Dale Steyn stressed Australia will still present a tough challenge even with their top crop of players not present © AFP
Dale Steyn acknowledged that "it's going to be pretty interesting" how Australian cricket shapes up post the ball-tampering saga in Cape Town earlier this year. After the bans on Steve Smith, David Warner and Cameron Bancroft, Australia have also lost the services of Darren Lehmann, James Sutherland and the recent casualty being David Peever.
Conscious efforts are being made by Justin Langer and his think tank to change the culture of the team with the emphasis on playing the game within boundaries. "It's going to be interesting to see which direction they go," Steyn said on Friday (November 2). "Every time you play against Australia, you still feel like that culture from years back is going to be hard to crack. They're in your face, an aggressive team, and people want that but you talk about this line - who knows where it is - but there's rules and you've got to play along those rules.
"We've got to grow up with the times, that's just how it is, and behaviour is one of those things that has become very much part of the game. There are strict rules. KG [Kagiso Rabada] has faced harsh criticism and some trouble even within our side."
While there have been growing calls to banish the ban on Smith and Warner considering Australia staggering dismal run, Steyn, understandably, refused to get drawn into the debate. The South Africa pacer, however, stressed the hosts will still present a tough challenge even with their top crop of players not present.
"I'm not the headmaster here," Steyn pointed out. "I don't make the rules and what the punishment is. But we all make mistakes and how each country deals with it is their issue. Those two [Smith and Warner] are always going to test you. You want to be playing against the best. But I can guarantee you when you're running in at Chris Lynn and he's eyeing out deep midwicket, and Aaron Finch who's been scoring runs lately especially for Surrey, it doesn't matter. You've just got to take on who is at the other end, regardless of the name. When we walk out to the middle, it's on.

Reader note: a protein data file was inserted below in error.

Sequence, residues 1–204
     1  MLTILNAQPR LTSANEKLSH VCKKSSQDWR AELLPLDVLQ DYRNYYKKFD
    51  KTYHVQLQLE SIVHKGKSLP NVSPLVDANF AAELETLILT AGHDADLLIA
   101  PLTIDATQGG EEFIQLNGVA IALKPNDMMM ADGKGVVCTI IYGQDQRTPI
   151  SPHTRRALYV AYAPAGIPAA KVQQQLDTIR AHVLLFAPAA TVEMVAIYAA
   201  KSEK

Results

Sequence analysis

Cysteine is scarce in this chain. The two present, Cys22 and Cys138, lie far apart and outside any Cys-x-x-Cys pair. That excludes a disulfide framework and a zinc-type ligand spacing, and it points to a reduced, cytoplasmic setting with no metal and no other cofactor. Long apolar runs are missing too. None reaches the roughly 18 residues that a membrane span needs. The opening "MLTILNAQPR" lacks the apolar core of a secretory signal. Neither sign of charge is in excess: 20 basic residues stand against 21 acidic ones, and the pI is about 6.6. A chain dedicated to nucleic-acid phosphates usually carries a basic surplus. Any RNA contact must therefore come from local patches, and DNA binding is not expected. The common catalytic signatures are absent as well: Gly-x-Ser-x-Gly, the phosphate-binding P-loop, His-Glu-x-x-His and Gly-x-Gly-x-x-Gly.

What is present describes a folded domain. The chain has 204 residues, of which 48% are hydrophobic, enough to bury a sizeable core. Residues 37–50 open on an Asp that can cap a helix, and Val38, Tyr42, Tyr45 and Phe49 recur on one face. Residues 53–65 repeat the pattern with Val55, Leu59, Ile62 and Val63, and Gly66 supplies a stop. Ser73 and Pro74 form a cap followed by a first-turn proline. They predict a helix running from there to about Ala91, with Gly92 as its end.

"Any time South Africa plays against Australia it is always a good spectacle, both teams are highly competitive and do everything that they can to win. I don't think that will change come Sunday. Both teams are coming off a little bit of a step back, Australia haven't had the greatest tour in the UAE and they are trying to re-build themselves. We haven't played much competitive cricket for a long time. We played against Zimbabwe recently, with respect to them, those were tough conditions and we had the better of them in the bowling department and that is why it showed that way. I think it will be evenly matched."
South Africa lost the warm-up clash by four wickets and will take on Australia in Perth on November 4. The three-match ODI series will be followed by a one-off T20I in Queensland on November 17.